Objective: Free radicals produced by the hypoxanthine-xanthine oxidase reaction in ischemia/reperfusion experiments have been proposed as contributing to myocardial cell necrosis in acute myocardial infarction. In this study, the hypothesis was tested that a commonly observed late phase of necrosis, infarct extension, could be prevented by allopurinol, an inhibitor of xanthine oxidase.
Study design: Allopurinol, a xanthine oxidase inhibitor, was used with placebo in a double-blind randomized therapy study in 140 patients with ischemic heart disease admitted to the authors' hospital. Eighty-four had acute myocardial infarction and the remaining 56 had unstable angina. Of the 84 patients with infarction, 39 received allopurinol treatment. If xanthine oxidase production of cytotoxic free radical plays a major role in the pathogenesis of infarct extension, blockade of the reaction with allopurinol should decrease the occurrence of extension.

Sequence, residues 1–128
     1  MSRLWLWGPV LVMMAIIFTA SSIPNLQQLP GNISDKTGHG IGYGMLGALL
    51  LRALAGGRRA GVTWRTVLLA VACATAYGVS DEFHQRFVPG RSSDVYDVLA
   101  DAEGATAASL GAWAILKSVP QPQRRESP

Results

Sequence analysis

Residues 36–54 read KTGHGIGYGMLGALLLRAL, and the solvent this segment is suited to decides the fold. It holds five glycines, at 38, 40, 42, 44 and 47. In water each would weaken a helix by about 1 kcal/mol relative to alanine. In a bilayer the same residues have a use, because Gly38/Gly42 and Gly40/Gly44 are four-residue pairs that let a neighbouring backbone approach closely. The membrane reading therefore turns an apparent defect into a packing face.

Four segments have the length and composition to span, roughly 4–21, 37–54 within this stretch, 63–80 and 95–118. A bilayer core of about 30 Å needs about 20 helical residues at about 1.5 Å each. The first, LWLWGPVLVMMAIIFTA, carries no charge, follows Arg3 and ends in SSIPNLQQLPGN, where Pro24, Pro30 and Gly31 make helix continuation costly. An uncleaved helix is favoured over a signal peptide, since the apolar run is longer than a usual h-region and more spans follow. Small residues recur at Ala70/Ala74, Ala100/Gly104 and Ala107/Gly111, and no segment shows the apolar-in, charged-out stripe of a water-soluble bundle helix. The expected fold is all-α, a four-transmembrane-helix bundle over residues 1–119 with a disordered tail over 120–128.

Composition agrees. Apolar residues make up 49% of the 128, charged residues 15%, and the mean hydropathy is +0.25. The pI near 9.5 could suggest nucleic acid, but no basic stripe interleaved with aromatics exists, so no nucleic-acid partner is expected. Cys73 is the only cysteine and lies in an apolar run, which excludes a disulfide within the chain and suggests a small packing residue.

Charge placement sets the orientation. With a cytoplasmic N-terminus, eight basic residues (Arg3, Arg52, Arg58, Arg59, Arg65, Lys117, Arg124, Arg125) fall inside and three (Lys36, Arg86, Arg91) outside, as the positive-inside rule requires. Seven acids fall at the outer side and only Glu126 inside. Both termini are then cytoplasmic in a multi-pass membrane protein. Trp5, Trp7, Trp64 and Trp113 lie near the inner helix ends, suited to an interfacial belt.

Results: Nineteen infarct extensions were observed; five (11%) in the placebo group and 14 (36%) in the allopurinol.
Conclusions: The increased incidence of extension (P less than 0.007) in the treatment group does not support the hypothesis that xanthine oxidase contributes to infarct extension, which is consistent with recent reports that xanthine oxidase is not a significant component of the human myocardium. These findings indicate that allopurinol may actually be contraindicated in patients with ischemic heart disease.